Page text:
Millions of Gen Zers are struggling with mental health problems, according to a new survey, which reveals many of these problems were first identified during the COVID-19 pandemic. It is further evidence of the serious health consequences caused by the social-distancing measures taken in response to the virus.
Generation Z is the third-largest population in America, after millennials and baby boomers. While Zoomers are often singled out for praise by the corporate media for racial and sexual diversity, it’s also becoming clear many of them are suffering mental health issues to a far greater degree than earlier generations.
The survey was carried out by Harmony Healthcare IT, an Indiana-based data-management company. Just over 1000 individuals aged 18 to 24, with a roughly equal gender balance, were asked a range of detailed questions about their mental health.
Forty-two percent of those surveyed said they were suffering from a diagnosed mental-health problem, with 25 percent saying their diagnosis took place during the pandemic. Anxiety, depression, attention-deficit/hyperactivity disorder (ADHD), post-traumatic stress disorder (PTSD), and bulimia were just some of the conditions the respondents reported. By comparison with millennials or Gen X-ers, Zoomers are twice as likely to report struggling with emotional distress on a daily basis.
Near 70 percent said that they felt the pandemic had a negative effect on their mental health. Zoomers appear to be deeply anxious, with 85 percent saying they were worried about the future. Nine out of ten Zoomers diagnosed with a mental-health issue have anxiety and eight out of ten suffer from depression.
Particular concerns for Zoomers include personal finances, the economy, their health, the environment, politics, and the workplace. Three-quarters of Zoomers say they feel disadvantaged by comparison with older generations, and 90 percent have a hard time picturing a stable future for themselves.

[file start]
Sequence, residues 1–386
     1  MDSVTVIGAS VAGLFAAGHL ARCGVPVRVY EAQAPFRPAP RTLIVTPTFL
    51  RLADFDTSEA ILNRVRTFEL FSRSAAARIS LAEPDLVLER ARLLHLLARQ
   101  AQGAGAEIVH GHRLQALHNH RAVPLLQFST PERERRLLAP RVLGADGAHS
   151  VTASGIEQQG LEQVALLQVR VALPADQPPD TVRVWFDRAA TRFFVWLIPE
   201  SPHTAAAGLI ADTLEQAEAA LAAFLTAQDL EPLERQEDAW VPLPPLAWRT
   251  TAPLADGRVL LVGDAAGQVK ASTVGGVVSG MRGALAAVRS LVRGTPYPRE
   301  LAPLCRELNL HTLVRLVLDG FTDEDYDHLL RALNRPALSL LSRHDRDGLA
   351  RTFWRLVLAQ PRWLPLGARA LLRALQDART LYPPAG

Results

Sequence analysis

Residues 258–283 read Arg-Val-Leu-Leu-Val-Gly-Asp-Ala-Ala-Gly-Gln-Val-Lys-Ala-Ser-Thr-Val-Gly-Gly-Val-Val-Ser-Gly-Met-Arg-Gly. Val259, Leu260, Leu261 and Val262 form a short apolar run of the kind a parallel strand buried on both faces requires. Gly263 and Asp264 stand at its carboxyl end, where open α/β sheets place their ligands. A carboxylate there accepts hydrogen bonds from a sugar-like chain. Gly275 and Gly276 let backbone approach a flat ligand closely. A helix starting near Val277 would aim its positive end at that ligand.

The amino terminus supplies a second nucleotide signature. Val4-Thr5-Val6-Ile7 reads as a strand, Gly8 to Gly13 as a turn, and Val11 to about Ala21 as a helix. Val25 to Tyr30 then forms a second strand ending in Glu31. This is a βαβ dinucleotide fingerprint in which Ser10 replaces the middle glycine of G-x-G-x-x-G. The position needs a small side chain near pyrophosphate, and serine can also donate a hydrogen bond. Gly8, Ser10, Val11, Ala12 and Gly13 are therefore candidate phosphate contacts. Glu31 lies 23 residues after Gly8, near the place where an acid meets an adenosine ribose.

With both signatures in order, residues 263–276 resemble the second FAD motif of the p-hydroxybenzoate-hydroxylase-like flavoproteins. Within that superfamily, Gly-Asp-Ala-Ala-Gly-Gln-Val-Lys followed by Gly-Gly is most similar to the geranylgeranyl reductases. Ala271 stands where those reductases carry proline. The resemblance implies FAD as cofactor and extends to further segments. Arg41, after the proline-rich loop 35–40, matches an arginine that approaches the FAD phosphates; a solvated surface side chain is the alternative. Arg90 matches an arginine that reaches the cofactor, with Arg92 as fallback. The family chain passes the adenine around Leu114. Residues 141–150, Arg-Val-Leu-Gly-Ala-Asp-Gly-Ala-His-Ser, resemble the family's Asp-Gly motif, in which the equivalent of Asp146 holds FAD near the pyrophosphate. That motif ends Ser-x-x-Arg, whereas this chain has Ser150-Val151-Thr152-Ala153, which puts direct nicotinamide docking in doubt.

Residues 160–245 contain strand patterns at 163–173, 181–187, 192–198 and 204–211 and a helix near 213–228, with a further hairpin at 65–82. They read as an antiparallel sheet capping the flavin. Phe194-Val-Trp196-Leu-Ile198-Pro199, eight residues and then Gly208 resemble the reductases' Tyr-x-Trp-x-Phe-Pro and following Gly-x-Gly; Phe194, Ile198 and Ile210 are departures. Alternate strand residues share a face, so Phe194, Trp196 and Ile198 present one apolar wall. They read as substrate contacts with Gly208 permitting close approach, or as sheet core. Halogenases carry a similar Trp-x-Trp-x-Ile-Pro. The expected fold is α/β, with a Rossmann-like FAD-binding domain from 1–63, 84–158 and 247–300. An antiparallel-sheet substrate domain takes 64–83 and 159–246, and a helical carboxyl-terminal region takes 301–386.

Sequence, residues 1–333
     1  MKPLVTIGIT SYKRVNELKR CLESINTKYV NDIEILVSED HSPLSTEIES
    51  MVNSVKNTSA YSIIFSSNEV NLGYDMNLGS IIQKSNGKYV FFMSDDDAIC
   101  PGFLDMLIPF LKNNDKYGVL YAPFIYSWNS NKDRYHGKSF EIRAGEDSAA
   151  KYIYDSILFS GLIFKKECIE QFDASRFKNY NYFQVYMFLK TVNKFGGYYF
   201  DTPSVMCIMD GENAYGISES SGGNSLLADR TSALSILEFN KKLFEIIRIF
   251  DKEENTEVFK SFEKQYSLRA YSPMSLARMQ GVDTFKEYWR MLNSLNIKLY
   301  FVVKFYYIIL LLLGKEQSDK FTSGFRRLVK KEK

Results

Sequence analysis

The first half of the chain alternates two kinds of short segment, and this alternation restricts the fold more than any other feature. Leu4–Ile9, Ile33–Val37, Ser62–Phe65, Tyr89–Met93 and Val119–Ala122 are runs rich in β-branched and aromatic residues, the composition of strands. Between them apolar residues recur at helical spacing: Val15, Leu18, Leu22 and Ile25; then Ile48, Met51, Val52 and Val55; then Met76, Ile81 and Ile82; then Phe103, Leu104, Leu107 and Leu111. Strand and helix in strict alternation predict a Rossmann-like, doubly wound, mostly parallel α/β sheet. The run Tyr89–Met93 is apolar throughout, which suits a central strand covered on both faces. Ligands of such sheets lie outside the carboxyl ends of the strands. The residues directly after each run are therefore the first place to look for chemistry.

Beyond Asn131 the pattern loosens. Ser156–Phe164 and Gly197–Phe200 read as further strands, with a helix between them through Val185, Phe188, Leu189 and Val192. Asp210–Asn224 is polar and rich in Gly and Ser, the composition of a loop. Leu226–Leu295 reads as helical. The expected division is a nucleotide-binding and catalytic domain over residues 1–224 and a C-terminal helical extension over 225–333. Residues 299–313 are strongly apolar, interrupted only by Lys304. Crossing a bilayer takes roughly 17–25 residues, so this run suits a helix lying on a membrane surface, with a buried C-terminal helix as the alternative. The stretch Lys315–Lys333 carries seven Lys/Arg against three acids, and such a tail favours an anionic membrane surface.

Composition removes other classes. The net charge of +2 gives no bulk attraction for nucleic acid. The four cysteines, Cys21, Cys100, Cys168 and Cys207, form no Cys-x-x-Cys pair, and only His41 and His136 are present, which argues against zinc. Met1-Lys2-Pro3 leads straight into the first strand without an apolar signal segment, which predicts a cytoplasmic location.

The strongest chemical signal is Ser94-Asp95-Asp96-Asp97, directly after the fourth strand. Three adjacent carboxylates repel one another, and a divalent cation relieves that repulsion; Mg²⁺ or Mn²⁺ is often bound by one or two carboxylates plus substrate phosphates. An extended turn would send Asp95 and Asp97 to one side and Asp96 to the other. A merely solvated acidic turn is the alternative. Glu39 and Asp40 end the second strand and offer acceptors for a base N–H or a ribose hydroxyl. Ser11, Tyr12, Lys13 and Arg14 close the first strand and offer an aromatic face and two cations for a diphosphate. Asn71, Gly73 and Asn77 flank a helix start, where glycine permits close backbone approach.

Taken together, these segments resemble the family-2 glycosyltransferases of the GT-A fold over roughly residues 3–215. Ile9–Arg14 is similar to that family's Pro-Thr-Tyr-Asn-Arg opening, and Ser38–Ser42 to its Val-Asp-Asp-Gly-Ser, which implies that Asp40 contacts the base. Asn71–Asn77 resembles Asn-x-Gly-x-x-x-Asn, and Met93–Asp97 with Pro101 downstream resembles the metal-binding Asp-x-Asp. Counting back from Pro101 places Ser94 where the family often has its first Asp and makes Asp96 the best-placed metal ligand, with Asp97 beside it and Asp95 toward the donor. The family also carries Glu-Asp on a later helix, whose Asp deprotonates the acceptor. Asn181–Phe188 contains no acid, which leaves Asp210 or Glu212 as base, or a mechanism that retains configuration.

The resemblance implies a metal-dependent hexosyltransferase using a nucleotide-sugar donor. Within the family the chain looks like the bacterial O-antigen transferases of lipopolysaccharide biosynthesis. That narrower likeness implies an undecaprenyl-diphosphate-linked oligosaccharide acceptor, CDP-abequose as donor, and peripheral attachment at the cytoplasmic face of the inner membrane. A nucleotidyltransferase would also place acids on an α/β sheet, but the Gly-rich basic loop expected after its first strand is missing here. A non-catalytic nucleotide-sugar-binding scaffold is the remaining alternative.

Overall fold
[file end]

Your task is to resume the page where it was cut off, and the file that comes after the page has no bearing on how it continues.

Twenty percent of the study participants said they have a regular therapist, while 57 percent take regular medication and 39 percent attend therapy for mental health issues at least once a week.
The study is further evidence that the pandemic – in particular the social-distancing measures adopted by most governments around the world – had serious adverse consequences for the young that far outstrip any damage they might have suffered from contracting the virus.
Other studies have already substantiated the mental effects of isolation and exposure to fear and uncertainty about the virus’s effects. A meta-analysis from the University of Calgary suggested that as many as one in four children worldwide are now suffering from depression and anxiety as a result of the pandemic.
These unintended effects have not just been psychological. A recent study showed children are exercising less and spending more time sitting down than ever before as a result of the pandemic. Researchers at the University of Bristol revealed that fewer than four out of 10 children were doing sufficient daily exercise at the end of 2021. Obesity rates have risen at a “staggering” pace, according to the American CDC.
The restrictions are even believed to have affected babies in the womb. A study based on a review of 250 babies born in New York between March and December 2020 suggested that the pandemic had serious adverse developmental effects on newborns, even if the mother had not had COVID-19 during the pregnancy. The researchers believe that increased maternal stress during pregnancy may be to blame, as well as reduced interactions with other infants and more stressful interactions with parents and caregivers.
It looks like the effects of the pandemic and the overzealous responses of government “experts” will continue to ramify through the increasingly unhappy lives of our younger generations, long after COVID-19 itself becomes a distant memory.